Launching your Career in an Uncertain Economy

Prospects may look bleak for those entering the job market during the current health and economic crisis. Here are seven tips to steer you through.
Launching your Career in an Uncertain Economy
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The current health and economic crisis has affected everyone, but it can be exceptionally daunting for post-secondary graduates and other young adults just starting their careers. The high unemployment rates and a tough job market only increases the pressure and financial worries. Don't lose hope!

Here are seven tips to help you navigate the uncertainty surrounding your next career steps. 

1. Align your expectations and be realistic

The job market is uncertain right now. Many companies have had to downsize, freeze hiring, and cut internships and entry-level programs. It is vital to acknowledge these circumstances while searching for work and not let that discourage you on your career path. These are anything but normal times, but things will eventually pick up again. It is entirely understandable if you are struggling to find a position in your field. Allow yourself time to find your perfect job by taking a temporary job to pay the bills until the right opportunity comes along. Don't let your ego get in the way.

2. Utilize your network

Some companies will bootstrap their hiring practices in an economic downturn and not use recruiters or paid job boards. This increases the importance of your own network to get the word out that you are looking for work. Many jobs are never publicly posted and are instead filled through referrals. One of your industry connections could catch wind of an opening that you would be perfect for. Reflect on who you know with connections in your industry and consider reaching out to them, asking that they keep you in mind for any future opportunities they hear about. Always be professional and courteous. While directly asking for a job may not be well received, writing a friendly e-mail explaining where you are in your job search, followed by a kind request to keep you in mind if anything comes up, could gain you a considerable ally in your search.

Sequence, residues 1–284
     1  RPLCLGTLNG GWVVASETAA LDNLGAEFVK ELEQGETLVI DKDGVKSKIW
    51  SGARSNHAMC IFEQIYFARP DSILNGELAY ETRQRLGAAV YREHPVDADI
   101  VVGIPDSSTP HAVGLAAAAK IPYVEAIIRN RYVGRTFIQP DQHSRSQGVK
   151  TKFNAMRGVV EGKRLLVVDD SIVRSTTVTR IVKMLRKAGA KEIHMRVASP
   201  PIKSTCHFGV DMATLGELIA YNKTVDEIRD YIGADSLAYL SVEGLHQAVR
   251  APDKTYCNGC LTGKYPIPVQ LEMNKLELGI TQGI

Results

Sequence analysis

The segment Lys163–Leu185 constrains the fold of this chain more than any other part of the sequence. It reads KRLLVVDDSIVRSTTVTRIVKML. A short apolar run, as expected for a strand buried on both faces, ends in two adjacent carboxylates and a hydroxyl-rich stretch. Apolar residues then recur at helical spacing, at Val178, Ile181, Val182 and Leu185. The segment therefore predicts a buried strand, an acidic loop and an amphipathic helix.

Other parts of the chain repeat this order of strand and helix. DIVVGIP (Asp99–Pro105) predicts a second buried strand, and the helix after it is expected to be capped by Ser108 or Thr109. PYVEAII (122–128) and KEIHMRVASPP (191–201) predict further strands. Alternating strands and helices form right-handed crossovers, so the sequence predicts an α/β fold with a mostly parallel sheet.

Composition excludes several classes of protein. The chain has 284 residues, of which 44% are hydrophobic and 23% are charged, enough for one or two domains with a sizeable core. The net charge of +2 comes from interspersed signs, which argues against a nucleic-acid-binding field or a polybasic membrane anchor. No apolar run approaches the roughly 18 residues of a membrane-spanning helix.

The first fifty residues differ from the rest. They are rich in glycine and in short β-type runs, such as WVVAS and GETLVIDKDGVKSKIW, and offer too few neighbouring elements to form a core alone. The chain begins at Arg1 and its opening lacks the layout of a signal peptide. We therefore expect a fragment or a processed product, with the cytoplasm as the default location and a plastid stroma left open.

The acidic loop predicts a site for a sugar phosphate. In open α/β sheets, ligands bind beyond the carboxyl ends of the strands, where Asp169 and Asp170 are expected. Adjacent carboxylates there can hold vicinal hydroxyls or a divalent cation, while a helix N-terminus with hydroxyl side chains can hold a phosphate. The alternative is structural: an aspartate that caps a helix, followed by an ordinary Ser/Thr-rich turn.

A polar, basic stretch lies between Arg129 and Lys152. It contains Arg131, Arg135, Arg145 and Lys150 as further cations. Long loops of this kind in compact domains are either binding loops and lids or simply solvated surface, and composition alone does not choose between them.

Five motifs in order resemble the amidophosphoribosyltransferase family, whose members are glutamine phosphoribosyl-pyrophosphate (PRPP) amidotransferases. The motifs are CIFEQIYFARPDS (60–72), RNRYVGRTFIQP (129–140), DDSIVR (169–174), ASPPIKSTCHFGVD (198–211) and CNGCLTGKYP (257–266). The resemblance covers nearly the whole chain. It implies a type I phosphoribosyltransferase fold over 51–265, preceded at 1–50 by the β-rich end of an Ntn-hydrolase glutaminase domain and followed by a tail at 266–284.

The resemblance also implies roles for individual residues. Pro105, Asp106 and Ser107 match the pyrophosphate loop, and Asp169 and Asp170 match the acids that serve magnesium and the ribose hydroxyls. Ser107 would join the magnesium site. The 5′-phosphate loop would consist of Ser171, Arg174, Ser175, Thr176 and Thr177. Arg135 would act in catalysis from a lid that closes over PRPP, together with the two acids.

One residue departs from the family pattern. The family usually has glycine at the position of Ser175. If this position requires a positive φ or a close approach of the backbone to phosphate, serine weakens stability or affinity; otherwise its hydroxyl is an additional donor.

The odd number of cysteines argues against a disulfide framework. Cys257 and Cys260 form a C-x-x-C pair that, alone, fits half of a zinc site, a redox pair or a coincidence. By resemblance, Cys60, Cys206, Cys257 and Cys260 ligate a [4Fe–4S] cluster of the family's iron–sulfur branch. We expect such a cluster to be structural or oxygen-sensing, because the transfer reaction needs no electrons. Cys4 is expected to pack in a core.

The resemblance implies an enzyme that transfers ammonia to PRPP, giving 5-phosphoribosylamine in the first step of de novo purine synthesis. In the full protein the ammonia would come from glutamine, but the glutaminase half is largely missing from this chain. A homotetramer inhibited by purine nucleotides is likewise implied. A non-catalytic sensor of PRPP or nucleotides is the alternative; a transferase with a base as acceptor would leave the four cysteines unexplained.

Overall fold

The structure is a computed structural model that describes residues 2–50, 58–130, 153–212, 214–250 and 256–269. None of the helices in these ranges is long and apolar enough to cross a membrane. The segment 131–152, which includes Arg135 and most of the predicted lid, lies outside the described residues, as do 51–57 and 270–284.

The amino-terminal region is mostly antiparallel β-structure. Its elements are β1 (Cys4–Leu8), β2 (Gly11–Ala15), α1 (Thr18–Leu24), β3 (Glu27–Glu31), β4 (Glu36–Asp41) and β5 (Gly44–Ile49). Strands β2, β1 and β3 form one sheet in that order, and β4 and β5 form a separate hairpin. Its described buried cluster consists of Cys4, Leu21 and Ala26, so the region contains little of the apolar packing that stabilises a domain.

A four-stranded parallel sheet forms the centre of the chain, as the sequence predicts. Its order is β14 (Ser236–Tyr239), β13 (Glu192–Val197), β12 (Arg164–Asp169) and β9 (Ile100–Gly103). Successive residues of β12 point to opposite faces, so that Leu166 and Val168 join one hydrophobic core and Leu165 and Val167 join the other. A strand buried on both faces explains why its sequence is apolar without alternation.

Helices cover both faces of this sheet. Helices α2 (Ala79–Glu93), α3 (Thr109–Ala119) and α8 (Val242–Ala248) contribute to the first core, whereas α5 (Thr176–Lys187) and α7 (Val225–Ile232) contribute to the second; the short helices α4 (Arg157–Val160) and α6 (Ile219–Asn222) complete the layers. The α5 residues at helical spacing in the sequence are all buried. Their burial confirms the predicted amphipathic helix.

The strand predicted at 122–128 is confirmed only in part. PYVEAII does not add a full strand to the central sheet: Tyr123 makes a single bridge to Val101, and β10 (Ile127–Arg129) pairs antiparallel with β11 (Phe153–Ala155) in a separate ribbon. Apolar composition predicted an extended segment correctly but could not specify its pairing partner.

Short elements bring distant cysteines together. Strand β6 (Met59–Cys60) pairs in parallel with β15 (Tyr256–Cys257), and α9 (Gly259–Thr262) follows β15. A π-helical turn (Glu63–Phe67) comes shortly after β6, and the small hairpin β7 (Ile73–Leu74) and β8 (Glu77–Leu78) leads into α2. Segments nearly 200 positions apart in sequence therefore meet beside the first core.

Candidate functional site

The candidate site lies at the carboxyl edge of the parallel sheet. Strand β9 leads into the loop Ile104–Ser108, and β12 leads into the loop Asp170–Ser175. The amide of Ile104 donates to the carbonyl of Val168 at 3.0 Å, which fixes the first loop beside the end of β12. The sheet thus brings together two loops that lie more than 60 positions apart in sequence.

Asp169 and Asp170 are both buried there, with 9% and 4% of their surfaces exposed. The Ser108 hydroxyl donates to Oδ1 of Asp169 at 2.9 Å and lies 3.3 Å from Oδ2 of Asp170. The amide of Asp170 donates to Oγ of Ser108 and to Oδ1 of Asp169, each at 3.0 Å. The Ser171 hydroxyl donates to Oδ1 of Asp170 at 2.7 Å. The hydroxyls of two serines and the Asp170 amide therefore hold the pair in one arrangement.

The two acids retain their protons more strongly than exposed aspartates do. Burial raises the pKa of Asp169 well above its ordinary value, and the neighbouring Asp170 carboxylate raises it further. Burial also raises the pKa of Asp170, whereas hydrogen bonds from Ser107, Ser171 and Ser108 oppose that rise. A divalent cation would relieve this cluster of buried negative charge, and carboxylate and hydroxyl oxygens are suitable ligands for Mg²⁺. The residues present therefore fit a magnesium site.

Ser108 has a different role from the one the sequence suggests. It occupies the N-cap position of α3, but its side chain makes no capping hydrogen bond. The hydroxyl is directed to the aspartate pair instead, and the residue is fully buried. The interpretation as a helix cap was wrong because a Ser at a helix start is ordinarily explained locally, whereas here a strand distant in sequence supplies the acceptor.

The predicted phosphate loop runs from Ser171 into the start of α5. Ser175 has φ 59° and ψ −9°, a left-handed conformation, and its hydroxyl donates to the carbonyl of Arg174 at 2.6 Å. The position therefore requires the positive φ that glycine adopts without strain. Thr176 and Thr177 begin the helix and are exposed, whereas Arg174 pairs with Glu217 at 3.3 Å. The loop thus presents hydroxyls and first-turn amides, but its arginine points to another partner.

3. Volunteer

Getting a foot in the door can go a long way when starting your career. If you are in a financial situation that allows you to offer to volunteer, it can open a world of possibilities. Many small- to medium-sized companies have a less concrete structure and could genuinely benefit from an extra set of hands during this difficult time. Volunteering can lead to industry contacts, enhance your résumé and even result in a full-time position once the company can afford it. Think of the opportunity as an extended working interview.

Related: Why You Should Volunteer Before Launching Your Career

4. Tap into your career resources

Universities, colleges and professional affiliations offer many services that can assist in your job search. Some even have job boards with opportunities that are exclusive to your school. Others connect employers with government funding opportunities for young adults or people reentering the job market. Research what career services and contact personnel these institutions can provide to you.

Related: 40 Online Resources All Women in Tech Careers Should Know About

5. Check job boards daily

The job market is extremely competitive right now. Some postings state they will remain open until a specified date but close earlier due to many applicants. It's common for smaller companies to begin pre-screens or interviews within a few days of posting the position. The number of applicants competing for publicly posted jobs is substantially larger than it was pre-pandemic, so the quicker you apply, the better your chances. Any advantage helps. 

6. Explore part-time opportunities and entrepreneurial ventures

Even seasoned industry professionals are struggling to find work in this market, so if you can't seem to land a job in your field, there are other ways to use your time productively. Consider taking a part-time opportunity that may lead to full time, and spend your extra time taking online classes to learn a new, in-demand skill such as computer programming or digital marketing. Also, consider starting a venture such as lawn care, tutoring or dog walking, or return to a previous field such as fitness, retail or hospitality. Meanwhile, you can continue your search and enhance your skill set. 

7. Stay positive

It can be discouraging to be out of work, but remember, you are not alone. Millions worldwide are experiencing these same struggles, and resilience is a crucial skill to build. It is vital to ensure your mental health is not compromised and your confidence is not shaken. Remember, how you spend your time now to prepare for the future is time and energy wisely invested.

Related: How to Strengthen Your Personal Resilience

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